Patricia Burchat: Shedding light on dark matter Aug. 17, 2008
Physicist Patricia Burchat sheds light on two basic ingredients of our universe: dark matter and dark energy. Comprising 96% of the universe between them, they can't be directly measured, but their influence is immense.
Martin Seligman: The new era of positive psychology July 21, 2008
Martin Seligman talks about psychology -- as a field of study and as it works one-on-one with each patient and each practitioner. As it moves beyond a focus on disease, what can modern psychology help us to become?
George Dyson: The birth of the computer June 15, 2008
Historian George Dyson tells stories from the birth of the modern computer -- from its 17th-century origins to the hilarious notebooks of some early computer engineers.
Amy Tan: Where does creativity hide? April 22, 2008
Novelist Amy Tan digs deep into the creative process, looking for hints of how hers evolved.
David Hoffman: Sputnik mania April 2, 2008
Filmmaker David Hoffman shares footage from his feature-length documentary Sputnik Mania, which shows how the Soviet Union's launch of Sputnik in 1957 led to both the space race and the arms race -- and jump-started science and math education around the w
Clifford Stoll: The call to learn March 26, 2008
Clifford Stoll captivates his audience with a wildly energetic sprinkling of anecdotes, observations, asides -- and even a science experiment. After all, by his own definition, he's a scientist: "Once I do something, I want to do something else."
Dave Eggers: My wish: Once Upon a School March 18, 2008
Accepting his 2008 TED Prize, author Dave Eggers asks the TED community to personally, creatively engage with local public schools. With spellbinding eagerness, he talks about how his 826 Valencia tutoring center inspired others around the world to open
Educator Roy Gould and researcher Curtis Wong show a sneak preview of Microsoft’s WorldWide Telescope, which compiles images from telescopes and satellites to build a comprehensive, interactive view of our universe.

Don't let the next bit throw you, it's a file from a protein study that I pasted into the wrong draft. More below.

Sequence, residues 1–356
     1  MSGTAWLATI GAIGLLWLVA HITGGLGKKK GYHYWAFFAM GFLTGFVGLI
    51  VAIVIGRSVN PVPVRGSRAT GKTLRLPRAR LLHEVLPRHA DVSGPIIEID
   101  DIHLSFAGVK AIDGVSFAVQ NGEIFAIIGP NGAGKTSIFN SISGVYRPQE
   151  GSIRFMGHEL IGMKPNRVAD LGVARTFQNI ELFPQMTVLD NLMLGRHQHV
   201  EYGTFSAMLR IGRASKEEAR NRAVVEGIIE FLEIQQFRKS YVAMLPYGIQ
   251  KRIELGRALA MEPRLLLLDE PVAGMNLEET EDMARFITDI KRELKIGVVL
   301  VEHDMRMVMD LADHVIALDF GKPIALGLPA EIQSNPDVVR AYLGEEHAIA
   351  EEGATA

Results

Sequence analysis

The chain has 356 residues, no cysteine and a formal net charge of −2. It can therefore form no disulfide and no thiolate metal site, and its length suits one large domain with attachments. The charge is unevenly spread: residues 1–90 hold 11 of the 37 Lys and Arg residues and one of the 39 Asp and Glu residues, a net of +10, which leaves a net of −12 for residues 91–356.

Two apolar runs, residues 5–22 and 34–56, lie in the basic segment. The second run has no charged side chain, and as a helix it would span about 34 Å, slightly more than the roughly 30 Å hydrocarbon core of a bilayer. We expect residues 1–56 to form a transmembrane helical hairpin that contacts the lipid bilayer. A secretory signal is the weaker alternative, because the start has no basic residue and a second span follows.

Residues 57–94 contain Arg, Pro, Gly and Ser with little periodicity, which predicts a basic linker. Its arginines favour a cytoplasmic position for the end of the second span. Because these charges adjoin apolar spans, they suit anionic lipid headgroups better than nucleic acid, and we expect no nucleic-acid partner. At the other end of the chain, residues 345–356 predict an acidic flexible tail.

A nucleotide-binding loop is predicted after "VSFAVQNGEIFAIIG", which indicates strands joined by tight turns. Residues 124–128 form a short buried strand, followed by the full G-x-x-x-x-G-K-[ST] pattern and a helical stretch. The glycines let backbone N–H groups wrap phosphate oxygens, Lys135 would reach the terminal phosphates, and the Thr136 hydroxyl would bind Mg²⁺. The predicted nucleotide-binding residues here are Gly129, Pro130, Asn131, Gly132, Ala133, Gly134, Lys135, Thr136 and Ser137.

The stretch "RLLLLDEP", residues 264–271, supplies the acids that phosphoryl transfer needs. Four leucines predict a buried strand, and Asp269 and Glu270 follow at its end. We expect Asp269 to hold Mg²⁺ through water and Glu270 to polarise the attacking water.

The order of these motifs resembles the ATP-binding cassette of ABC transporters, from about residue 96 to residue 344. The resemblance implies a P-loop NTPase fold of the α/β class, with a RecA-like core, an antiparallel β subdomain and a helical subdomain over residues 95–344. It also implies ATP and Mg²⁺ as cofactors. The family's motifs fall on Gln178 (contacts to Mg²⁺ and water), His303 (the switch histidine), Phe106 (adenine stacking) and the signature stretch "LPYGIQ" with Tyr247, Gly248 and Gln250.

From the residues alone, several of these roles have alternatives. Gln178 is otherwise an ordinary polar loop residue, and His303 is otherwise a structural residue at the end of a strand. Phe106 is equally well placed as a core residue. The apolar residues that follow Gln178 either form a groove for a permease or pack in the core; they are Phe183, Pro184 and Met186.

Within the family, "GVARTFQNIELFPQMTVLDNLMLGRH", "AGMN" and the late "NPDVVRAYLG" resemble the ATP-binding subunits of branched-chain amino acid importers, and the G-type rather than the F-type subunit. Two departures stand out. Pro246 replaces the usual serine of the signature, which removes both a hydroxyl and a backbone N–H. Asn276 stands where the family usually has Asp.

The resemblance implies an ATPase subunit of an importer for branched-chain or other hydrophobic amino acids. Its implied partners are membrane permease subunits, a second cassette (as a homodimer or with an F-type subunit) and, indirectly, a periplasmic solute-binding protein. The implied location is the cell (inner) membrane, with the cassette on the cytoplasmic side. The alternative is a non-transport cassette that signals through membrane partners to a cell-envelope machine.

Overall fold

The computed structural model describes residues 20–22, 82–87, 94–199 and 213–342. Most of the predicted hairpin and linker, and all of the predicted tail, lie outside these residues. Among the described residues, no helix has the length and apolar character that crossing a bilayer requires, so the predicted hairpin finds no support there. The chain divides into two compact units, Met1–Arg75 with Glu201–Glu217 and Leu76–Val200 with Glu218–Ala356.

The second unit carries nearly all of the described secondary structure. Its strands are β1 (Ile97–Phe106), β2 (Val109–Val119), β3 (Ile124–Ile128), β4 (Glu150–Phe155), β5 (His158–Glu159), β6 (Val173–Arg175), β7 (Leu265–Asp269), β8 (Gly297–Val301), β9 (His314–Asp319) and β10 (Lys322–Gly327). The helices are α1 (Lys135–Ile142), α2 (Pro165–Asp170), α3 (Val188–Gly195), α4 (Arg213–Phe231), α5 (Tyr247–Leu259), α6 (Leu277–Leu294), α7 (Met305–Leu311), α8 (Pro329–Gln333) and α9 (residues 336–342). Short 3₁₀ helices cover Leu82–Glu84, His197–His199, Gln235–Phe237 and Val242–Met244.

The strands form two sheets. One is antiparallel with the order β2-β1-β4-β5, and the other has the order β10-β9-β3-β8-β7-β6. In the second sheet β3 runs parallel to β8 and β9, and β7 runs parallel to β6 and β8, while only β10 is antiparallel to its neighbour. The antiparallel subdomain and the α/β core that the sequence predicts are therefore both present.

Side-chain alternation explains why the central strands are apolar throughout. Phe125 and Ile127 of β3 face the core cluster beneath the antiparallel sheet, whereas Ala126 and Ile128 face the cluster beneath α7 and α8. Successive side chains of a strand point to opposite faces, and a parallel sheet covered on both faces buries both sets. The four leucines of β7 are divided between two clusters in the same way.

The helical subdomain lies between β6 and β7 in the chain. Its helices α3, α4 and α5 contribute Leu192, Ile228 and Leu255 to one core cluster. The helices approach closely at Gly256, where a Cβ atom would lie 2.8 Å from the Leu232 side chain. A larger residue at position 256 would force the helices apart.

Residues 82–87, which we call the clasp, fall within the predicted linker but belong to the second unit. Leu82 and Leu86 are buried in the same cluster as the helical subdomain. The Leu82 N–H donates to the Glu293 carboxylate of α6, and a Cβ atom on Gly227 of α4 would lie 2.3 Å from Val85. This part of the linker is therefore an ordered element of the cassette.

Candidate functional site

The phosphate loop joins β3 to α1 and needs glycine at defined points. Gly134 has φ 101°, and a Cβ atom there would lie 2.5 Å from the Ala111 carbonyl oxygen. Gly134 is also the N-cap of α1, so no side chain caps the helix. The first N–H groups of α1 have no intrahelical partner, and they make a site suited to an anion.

Michael Pollan: A plant's-eye view Feb. 7, 2008
What if human consciousness isn't the end-all and be-all of Darwinism? What if we are all just pawns in corn's clever strategy game to rule the Earth? Author Michael Pollan asks us to see the world from a plant's-eye view.
Ben Dunlap: The life-long learner Jan. 23, 2008
Wofford College president Ben Dunlap tells the story of Sandor Teszler, a Hungarian Holocaust survivor who taught him about passionate living and lifelong learning.
Bill Strickland tells a quiet and astonishing tale of redemption through arts, music, and unlikely partnerships.
Lawrence Lessig: Laws that choke creativity Nov. 6, 2007
Lawrence Lessig, the Net’s most celebrated lawyer, cites John Philip Sousa, celestial copyrights and the "ASCAP cartel" in his argument for reviving our creative culture.
Erin McKean: The joy of lexicography Aug. 30, 2007
Is the beloved paper dictionary doomed to extinction? In this infectiously exuberant talk, leading lexicographer Erin McKean looks at the many ways today's print dictionary is poised for transformation.
Patrick Awuah: How to educate leaders? Liberal arts Aug. 3, 2007
Patrick Awuah makes the case that a liberal arts education is critical to forming true leaders.
David Bolinsky: Visualizing the wonder of a living cell July 22, 2007
Medical animator David Bolinsky presents 3 minutes of stunning animation that show the bustling life inside a cell.
Charles Leadbeater: The era of open innovation Jan. 31, 2007
In this deceptively casual talk, Charles Leadbeater weaves a tight argument that innovation isn't just for professionals anymore. Passionate amateurs, using new tools, are creating products and paradigms that companies can't.
Ray Kurzweil: The accelerating power of technology Nov. 14, 2006
Inventor, entrepreneur and visionary Ray Kurzweil explains in abundant, grounded detail why, by the 2020s, we will have reverse-engineered the human brain and nanobots will be operating your consciousness.
Rice University professor Richard Baraniuk explains the vision behind Connexions, his open-source, online education system. It cuts out the textbook, allowing teachers to share and modify course materials freely, anywhere in the world.
Nicholas Negroponte: One Laptop per Child Aug. 1, 2006
Nicholas Negroponte, founder of the MIT Media Laboratory, describes how the One Laptop Per Child project will build and distribute the "$100 laptop."
Philosopher Dan Dennett calls for religion -- all religion -- to be taught in schools, so we can understand its nature as a natural phenomenon. Then he takes on The Purpose-Driven Life, disputing its claim that, to be moral, one must deny evolution.